Also on Thursday, the Federal Housing Finance Agency (FHFA) released their latest House Price Index (HPI) showing home prices increased just 0.2% in June from May.  Economist William Doerner said although home prices rose in the second quarter, it was at a much slower pace than previously recorded in the past four years.  “Mortgage rates have increased by more than half a percentage point over the first six months of the year.  Rates are still inexpensive from a historical standpoint, but their bump-up appears to have gently pressed the brakes on house price increases.”

Nationally, home prices in all 50 states and the District of Columbia increased since the second quarter last year.

States with the largest gains are Nevada (+17%), Idaho (+13%), District of Columbia (+11.8%), Utah (+11.3%) and Washington (+11%).

States showing the least amount of annual appreciation are North Dakota (+2.1%), Louisiana (+2.3%), West Virginia (+2.3%), Connecticut (+2.4%) and Alaska (+2.6%).

Elsewhere, the latest data from the Mortgage Bankers Association’s (MBA) weekly mortgage applications survey showed an increase in mortgage applications.  The MBA reported their overall seasonally adjusted Market Composite Index (application volume) rose 4.2% during the week ended August 17, 2018.  The seasonally adjusted Purchase Index increased 3.0% from the week prior while the Refinance Index jumped 6.0% higher from a week earlier.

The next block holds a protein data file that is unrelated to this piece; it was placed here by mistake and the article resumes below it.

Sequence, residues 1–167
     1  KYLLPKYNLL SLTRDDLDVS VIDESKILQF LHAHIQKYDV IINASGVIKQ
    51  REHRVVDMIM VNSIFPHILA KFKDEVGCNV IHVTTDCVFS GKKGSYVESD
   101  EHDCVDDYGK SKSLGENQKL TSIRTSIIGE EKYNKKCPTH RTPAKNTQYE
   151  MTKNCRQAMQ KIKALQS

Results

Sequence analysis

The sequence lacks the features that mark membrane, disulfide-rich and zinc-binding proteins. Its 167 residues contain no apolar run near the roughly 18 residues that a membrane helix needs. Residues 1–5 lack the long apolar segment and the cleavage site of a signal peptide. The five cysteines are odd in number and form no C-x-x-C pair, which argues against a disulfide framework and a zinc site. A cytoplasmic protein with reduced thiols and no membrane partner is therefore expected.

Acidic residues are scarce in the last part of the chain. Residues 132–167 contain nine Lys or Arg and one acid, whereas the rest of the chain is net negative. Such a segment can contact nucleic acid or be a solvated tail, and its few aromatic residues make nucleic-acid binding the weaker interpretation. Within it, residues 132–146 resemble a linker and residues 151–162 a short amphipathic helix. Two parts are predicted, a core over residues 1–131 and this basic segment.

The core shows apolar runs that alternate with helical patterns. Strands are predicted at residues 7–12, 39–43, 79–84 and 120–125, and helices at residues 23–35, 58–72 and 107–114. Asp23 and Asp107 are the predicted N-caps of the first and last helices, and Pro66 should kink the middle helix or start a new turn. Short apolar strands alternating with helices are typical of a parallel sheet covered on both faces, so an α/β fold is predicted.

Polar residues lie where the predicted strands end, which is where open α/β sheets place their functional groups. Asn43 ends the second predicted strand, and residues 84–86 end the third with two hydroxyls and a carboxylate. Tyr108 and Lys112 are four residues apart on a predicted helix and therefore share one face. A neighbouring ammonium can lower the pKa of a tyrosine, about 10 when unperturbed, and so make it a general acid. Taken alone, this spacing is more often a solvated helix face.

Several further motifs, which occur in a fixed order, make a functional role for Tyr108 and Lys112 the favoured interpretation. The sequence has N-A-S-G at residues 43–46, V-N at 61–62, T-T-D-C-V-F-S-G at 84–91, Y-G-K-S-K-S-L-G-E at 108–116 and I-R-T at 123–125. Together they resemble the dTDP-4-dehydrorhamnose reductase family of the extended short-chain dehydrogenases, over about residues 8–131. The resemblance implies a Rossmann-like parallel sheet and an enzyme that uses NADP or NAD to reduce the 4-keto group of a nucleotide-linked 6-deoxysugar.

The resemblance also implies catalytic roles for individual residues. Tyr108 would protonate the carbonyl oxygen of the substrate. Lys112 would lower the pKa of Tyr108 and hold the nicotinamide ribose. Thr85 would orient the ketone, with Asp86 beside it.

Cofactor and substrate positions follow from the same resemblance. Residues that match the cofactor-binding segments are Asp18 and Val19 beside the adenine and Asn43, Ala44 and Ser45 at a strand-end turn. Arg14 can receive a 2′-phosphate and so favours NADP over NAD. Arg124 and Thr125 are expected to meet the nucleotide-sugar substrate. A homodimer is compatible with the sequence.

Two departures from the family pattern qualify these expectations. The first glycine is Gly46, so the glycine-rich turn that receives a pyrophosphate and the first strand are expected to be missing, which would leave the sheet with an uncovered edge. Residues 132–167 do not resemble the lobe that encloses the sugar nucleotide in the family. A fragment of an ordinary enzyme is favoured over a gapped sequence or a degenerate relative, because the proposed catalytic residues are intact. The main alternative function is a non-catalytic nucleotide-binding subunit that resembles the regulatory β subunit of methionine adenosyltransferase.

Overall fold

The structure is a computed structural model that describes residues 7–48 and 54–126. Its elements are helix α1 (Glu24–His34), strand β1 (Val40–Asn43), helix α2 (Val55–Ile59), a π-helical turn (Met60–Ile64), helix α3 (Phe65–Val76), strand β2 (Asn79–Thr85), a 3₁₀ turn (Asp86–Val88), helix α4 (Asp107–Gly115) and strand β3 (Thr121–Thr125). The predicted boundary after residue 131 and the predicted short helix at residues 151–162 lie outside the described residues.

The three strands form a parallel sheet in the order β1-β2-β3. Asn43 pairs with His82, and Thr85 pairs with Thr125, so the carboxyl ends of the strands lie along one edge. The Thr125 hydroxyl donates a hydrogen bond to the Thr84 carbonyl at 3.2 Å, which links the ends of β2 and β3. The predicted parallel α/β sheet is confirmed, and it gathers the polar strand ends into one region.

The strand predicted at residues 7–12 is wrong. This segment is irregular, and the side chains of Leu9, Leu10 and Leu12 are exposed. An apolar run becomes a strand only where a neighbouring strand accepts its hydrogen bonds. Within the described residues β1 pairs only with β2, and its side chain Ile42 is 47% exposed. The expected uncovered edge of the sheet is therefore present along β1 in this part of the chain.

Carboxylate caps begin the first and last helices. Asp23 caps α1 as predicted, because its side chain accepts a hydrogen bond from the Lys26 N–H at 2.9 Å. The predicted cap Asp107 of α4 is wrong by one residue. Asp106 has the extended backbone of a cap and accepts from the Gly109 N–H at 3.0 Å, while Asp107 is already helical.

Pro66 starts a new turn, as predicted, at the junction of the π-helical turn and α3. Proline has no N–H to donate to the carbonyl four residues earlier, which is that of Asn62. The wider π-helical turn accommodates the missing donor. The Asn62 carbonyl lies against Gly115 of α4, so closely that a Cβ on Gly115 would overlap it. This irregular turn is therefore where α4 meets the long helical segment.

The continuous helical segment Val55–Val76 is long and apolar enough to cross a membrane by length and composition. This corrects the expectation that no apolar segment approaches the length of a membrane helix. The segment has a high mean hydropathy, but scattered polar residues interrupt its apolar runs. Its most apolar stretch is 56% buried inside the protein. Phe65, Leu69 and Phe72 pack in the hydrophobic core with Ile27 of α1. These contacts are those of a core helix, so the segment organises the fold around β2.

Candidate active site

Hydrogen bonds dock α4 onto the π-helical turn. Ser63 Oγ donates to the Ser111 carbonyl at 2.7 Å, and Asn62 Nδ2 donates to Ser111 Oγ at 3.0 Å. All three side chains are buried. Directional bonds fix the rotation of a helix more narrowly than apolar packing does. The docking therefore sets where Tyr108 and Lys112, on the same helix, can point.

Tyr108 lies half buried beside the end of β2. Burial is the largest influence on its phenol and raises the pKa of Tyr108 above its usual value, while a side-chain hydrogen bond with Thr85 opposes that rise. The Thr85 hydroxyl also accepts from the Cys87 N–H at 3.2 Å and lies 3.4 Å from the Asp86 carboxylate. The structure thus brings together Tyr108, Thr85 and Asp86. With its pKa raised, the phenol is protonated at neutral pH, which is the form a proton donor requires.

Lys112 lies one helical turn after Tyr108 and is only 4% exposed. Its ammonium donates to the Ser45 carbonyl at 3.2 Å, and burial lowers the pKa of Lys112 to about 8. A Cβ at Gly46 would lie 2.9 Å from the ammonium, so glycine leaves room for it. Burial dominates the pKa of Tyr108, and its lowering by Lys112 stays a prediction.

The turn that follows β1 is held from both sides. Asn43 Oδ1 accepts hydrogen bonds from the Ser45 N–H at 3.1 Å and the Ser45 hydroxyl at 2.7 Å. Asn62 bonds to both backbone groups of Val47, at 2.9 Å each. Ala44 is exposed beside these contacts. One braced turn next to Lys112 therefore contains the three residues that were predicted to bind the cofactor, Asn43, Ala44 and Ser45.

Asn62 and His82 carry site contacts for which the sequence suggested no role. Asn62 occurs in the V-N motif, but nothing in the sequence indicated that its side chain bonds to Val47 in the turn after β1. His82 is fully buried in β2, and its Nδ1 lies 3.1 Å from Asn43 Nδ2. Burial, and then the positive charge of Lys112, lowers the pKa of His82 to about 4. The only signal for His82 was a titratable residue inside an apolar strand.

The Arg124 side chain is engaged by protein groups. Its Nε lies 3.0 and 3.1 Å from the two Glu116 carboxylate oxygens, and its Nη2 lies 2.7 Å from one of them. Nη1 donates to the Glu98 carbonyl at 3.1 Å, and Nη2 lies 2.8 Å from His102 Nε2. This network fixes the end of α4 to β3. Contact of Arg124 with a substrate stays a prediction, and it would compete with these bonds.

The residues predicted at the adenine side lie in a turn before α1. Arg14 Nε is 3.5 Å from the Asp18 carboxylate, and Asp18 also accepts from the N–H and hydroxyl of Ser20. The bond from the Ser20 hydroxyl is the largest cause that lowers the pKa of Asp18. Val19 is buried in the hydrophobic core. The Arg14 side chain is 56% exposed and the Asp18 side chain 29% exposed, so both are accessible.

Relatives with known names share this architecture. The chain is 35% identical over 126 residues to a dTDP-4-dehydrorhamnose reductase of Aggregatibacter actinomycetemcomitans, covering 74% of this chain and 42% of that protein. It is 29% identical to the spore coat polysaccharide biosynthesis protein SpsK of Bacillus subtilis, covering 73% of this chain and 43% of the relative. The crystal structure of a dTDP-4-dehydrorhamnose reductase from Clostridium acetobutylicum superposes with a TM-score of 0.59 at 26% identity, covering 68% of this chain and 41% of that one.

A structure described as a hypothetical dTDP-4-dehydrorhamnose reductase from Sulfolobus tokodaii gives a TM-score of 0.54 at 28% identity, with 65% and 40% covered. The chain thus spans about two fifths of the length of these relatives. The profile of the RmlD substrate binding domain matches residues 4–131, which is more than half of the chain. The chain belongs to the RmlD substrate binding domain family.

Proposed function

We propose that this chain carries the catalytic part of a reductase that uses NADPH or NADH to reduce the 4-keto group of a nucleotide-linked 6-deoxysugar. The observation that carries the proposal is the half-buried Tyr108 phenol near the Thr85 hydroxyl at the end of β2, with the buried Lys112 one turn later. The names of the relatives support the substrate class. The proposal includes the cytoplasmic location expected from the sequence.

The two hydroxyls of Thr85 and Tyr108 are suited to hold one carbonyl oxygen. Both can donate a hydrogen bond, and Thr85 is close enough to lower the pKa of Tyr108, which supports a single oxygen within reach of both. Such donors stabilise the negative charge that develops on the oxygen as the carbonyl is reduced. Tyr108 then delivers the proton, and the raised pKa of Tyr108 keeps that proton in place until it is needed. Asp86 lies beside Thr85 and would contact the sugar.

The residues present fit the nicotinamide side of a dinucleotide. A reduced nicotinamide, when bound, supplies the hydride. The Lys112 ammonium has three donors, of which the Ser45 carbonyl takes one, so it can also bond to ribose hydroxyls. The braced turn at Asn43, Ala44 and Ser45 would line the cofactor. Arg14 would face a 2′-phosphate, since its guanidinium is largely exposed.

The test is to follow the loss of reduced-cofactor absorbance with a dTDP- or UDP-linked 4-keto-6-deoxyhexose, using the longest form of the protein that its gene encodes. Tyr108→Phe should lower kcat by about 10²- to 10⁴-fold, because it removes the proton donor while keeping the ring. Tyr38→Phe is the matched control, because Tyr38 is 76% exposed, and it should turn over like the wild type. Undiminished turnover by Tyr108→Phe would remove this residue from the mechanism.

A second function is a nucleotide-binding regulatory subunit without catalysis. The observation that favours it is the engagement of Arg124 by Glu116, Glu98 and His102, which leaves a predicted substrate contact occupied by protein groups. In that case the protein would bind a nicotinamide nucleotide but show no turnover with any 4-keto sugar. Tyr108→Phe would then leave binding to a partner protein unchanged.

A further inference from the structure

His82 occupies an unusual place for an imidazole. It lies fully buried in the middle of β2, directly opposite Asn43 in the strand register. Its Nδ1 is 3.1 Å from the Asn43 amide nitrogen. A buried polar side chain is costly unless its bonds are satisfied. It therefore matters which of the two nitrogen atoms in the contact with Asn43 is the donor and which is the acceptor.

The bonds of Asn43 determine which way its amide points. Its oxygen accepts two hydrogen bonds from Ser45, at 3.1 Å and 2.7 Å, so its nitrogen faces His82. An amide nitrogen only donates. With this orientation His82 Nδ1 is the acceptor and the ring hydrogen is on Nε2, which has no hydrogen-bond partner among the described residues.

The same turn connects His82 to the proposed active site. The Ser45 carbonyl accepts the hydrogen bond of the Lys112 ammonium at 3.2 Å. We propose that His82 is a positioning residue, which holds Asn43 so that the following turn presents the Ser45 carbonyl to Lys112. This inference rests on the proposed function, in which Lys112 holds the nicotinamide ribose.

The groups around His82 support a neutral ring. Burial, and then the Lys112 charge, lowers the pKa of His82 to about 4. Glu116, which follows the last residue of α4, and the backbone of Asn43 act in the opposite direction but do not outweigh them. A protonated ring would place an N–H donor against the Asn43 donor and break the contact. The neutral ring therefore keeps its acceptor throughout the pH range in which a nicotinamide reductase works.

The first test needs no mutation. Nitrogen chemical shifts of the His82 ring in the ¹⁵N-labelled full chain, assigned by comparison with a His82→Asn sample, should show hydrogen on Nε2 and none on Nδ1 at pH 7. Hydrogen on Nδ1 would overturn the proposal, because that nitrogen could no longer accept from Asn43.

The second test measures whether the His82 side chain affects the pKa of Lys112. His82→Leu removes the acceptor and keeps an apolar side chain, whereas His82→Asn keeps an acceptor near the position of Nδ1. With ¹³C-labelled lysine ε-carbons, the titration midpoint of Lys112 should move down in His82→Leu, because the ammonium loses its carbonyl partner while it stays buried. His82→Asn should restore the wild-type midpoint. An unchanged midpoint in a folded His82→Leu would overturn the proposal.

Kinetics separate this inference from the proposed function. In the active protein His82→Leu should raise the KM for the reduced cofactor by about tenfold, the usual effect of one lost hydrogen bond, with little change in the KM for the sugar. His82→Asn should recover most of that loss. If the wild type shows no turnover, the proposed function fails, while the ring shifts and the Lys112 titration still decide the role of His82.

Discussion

Overall, the refinance portion of mortgage activity increased to 38.7% from 37.6% of total applications from the prior week.  The adjustable-rate mortgage share of activity increased to 6.5% from 6.2% of total applications.  According to the MBA, the average contract interest rate for 30-year fixed-rate mortgages with a conforming loan balance was unchanged at 4.81% with points decreasing to 0.42 from 0.43 for 80 percent loan-to-value ratio (LTV) loans.